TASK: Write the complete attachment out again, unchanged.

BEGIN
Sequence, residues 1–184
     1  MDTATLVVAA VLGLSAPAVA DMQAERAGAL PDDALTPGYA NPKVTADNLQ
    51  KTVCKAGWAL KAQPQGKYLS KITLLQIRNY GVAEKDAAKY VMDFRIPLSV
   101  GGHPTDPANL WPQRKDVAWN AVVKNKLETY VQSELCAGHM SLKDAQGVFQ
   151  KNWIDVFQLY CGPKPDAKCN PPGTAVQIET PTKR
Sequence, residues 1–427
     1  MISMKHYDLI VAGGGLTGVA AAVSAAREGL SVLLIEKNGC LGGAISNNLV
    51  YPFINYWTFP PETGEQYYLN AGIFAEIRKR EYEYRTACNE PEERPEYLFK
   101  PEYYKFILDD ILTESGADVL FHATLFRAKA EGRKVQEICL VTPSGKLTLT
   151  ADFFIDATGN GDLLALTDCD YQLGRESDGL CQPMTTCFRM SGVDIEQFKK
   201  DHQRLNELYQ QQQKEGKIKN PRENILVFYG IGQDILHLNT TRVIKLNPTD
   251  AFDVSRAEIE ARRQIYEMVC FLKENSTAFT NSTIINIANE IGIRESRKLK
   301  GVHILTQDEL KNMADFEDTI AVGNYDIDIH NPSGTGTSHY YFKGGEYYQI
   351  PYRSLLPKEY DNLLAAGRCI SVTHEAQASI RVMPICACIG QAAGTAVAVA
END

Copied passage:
Sequence, residues 1–184
     1  MDTATLVVAA VLGLSAPAVA DMQAERAGAL PDDALTPGYA NPKVTADNLQ
    51  KTVCKAGWAL KAQPQGKYLS KITLLQIRNY GVAEKDAAKY VMDFRIPLSV
   101  GGHPTDPANL WPQRKDVAWN AVVKNKLETY VQSELCAGHM SLKDAQGVFQ
   151  KNWIDVFQLY CGPKPDAKCN PPGTAVQIET PTKR
Sequence, residues 1–427
     1  MISMKHYDLI VAGGGLTGVA AAVSAAREGL SVLLIEKNGC LGGAISNNLV
    51  YPFINYWTFP PETGEQYYLN AGIFAEIRKR EYEYRTACNE PEERPEYLFK
   101  PEYYKFILDD ILTESGADVL FHATLFRAKA EGRKVQEICL VTPSGKLTLT
   151  ADFFIDATGN GDLLALTDCD YQLGRESDGL CQPMTTCFRM SGVDIEQFKK
   201  DHQRLNELYQ QQQKEGKIKN PRENILVFYG IGQDILHLNT TRVIKLNPTD
   251  AFDVSRAEIE ARRQIYEMVC FLKENSTAFT NSTIINIANE IGIRESRKLK
   301  GVHILTQDEL KNMADFEDTI AVGNYDIDIH NPSGTGTSHY YFKGGEYYQI
   351  PYRSLLPKEY DNLLAAGRCI SVTHEAQASI RVMPICACIG QAAGTAVAVA